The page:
Both vaccines are given in three doses over a six-month period, recommended for females aged 13 through 26, and males between 13 and 21 years old.

“The vaccines that are available right now are one of our only protections against HPV,” Dr. Nieca Goldberg, director of the Joan H. Tisch Center for Women’s Health at NYU Langone Medical Center, told CBS News in June.

A CDC study in June reported rates of HPV strains related to genital warts and some cancers have dropped 56 percent among American teen girls since a vaccine was introduced in 2006, from 11.5 percent of 19-year-olds infected before the vaccine was introduced, to 5 percent by 2010.

Dr. Diane Harper, chair of family medicine at the University of Louisville who researched the vaccine, told Couric that the vaccine’s protection wears off after five years, so men and women could still be at risk for HPV down the road.

The CDC, however, says studies with up to six years of follow-up data have found no evidence of waning effectiveness from the vaccine, a point Caplan also emphasized. One study found even one dose was 82 percent effective, though all three doses are recommended.

The CDC adds that if 80 percent of teens got all three doses of the vaccine, an estimated 53,000 additional cases of cervical cancer could be prevented over the lifetimes of girls aged 12 and older. For every year that increases in coverage are delayed, another 4,400 women will go on to develop the disease.

That’s not to that say the HPV vaccine, or any vaccine, can’t cause side effects.

The CDC’s Vaccine Adverse Event Reporting System (VAERS) has received at least 22,000 reports of adverse events in girls and women who got the vaccine between June 2006 through March 2013. Over this time, about 57 million doses of the vaccine were distributed in the United States.

Ninety-two percent of the reported side effects were considered nonserious. They included injection-site pain and swelling, fainting, dizziness, nausea, headache, fever and hives.

The other almost 8 percent of serious side effects included headache, nausea, vomiting, fatigue, dizziness, fainting and generalized weakness.

“Editors, producers want a face,” said Caplan. “Public health wants data, statistics, and boring compilations.”

* This news story was resourced by the Oral Cancer Foundation, and vetted for appropriateness and accuracy.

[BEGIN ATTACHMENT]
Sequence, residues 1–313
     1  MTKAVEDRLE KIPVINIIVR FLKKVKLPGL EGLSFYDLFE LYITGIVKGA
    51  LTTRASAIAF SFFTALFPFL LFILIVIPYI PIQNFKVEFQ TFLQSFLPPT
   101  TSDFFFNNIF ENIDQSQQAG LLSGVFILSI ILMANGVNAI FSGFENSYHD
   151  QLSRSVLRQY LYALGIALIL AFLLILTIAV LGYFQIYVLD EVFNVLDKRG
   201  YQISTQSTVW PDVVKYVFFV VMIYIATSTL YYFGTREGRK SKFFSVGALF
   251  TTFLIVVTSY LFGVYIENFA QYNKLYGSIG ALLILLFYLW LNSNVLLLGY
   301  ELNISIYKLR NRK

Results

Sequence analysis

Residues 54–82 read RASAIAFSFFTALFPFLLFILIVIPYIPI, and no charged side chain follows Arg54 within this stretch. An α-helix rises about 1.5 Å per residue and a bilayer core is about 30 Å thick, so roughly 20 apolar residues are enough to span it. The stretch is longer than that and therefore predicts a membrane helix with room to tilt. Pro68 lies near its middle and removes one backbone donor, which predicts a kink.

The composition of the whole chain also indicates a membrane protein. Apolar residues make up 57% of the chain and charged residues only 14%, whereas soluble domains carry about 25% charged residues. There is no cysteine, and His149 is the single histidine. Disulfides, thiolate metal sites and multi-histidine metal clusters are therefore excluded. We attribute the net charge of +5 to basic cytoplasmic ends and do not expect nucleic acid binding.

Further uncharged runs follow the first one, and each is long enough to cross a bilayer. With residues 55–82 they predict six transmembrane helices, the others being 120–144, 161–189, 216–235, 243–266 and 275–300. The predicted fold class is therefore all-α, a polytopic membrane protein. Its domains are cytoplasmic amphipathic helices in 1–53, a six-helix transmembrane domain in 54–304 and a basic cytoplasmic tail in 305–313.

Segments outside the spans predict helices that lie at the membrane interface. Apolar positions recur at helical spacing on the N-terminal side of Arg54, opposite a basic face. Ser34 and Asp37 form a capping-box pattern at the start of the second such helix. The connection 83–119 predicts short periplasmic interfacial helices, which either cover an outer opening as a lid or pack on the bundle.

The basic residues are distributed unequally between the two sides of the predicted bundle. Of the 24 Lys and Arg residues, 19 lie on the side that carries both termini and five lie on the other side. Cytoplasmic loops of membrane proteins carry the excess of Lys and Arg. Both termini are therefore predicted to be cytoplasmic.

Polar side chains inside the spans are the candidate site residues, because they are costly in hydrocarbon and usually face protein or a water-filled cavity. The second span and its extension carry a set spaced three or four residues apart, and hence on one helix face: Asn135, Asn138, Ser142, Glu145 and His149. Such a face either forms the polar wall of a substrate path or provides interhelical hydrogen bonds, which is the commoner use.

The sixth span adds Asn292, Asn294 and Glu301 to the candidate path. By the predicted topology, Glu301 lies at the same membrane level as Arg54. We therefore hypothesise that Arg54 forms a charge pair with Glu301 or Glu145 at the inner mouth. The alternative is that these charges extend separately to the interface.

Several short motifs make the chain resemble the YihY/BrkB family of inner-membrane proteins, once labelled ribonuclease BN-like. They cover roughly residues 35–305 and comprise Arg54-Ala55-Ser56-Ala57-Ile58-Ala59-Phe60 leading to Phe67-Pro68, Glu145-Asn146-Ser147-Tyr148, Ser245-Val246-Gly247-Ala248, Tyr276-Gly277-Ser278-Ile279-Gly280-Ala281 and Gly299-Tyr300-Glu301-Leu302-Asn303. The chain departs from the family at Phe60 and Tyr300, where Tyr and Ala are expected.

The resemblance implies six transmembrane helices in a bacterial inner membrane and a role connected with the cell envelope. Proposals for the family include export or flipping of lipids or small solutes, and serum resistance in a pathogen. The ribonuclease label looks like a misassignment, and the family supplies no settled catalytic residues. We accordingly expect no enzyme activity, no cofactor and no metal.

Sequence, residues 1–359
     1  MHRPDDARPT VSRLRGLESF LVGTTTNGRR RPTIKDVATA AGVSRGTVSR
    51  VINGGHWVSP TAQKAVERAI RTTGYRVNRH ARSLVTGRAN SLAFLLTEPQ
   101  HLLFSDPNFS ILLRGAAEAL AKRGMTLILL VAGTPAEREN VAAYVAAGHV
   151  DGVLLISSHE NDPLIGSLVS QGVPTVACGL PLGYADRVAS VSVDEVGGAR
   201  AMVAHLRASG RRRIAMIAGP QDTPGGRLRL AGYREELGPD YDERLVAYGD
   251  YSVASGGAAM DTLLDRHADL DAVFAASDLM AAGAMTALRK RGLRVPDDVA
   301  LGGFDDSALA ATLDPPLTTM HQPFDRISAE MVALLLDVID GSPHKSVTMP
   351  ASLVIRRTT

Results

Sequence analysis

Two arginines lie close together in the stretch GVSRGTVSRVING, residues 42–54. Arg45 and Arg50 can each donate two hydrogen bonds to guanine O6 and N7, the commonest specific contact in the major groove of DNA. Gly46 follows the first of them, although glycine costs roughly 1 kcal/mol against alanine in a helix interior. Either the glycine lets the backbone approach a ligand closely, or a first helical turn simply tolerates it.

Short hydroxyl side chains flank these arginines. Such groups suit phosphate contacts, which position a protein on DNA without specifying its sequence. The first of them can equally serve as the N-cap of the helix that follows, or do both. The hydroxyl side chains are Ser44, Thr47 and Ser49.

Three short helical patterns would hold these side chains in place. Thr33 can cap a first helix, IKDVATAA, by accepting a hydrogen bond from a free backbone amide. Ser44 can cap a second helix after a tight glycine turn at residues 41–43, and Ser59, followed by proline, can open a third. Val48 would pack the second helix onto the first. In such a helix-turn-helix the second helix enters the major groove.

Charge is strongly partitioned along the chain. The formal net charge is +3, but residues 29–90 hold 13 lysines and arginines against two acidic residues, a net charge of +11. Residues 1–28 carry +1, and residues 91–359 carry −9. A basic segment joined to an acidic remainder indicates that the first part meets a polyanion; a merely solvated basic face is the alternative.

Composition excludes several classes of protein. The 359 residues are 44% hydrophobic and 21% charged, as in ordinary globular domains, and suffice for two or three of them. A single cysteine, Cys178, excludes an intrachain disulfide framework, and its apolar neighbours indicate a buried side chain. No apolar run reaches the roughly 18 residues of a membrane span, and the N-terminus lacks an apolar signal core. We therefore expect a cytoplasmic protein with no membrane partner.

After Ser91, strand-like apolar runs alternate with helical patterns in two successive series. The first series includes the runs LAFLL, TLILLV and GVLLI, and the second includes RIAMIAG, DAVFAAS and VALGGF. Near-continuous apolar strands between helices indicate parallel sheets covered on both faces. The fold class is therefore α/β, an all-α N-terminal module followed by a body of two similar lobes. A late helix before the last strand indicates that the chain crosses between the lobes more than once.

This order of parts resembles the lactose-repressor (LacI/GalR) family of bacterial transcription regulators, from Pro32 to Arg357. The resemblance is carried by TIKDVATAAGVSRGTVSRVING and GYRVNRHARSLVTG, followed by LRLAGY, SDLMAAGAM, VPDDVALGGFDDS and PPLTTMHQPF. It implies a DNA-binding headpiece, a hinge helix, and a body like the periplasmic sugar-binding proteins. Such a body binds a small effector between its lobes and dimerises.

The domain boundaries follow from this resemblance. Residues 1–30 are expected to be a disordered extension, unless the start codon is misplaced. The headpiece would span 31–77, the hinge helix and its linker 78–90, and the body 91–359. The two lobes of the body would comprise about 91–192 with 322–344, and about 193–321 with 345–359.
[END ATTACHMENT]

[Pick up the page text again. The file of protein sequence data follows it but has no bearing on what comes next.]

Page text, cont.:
http://worldofdtcmarketing.com/irresponsible-journalism-that-can-cause-loss-of-life/in-the-news/

http://www.forbes.com/sites/matthewherper/2012/05/03/here-is-how-we-know-gardasil-has-not-killed-100-people/

 

 

December, 2013|Oral Cancer News|

Michael Douglas: ‘Throat cancer’ was really tongue cancer

Source: cnn.com
Author: Jen Christensen, CNN

Michael Douglas never had throat cancer, as he told the press in 2010.

The actor now says he had tongue cancer. Douglas said he hid the diagnosis at the urging of his doctor to protect his career.

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“The surgeon said, ‘Let’s just say it’s throat cancer,’ ” Douglas told fellow actor Samuel L. Jackson for a segment that ran on British television as a part of Male Cancer Awareness Week.

Douglas says that the doctor told him if they had to do surgery for tongue cancer, “it’s not going to be pretty. You could lose part of your tongue and jaw.”

When Douglas first talked about his cancer diagnosis in the summer of 2010, he was on a worldwide publicity tour for the movie “Wall Street: Money Never Sleeps.”

Douglas and Jackson joked that could have been the end of his acting career. Douglas said if he had surgery he could see the director saying, “What’s your good side? I’ve got no side over here.”

“There really is no such thing as throat cancer per se,” explained Brian Hill, an oral cancer survivor and the founder of the Oral Cancer Foundation. Douglas has taped a public service announcement to raise awareness about oral cancer for Hill’s foundation.

“Throat” cancer and tongue cancer are both colloquial terms that fall under the oral cancer umbrella. Throat cancer usually refers to cancerous tumors that develop in your pharynx, voice box or tonsils. Tongue cancer refers to cancerous cells that develop on your tongue.

“The treatment up until just recently can be very brutal,” Hill said of tongue cancer. “Your career as a leading man could be over. If you have signed a contract to promote a movie, you would have a strong motivation not to say … ‘Maybe in six months I won’t have a tongue or lower jaw.’ ”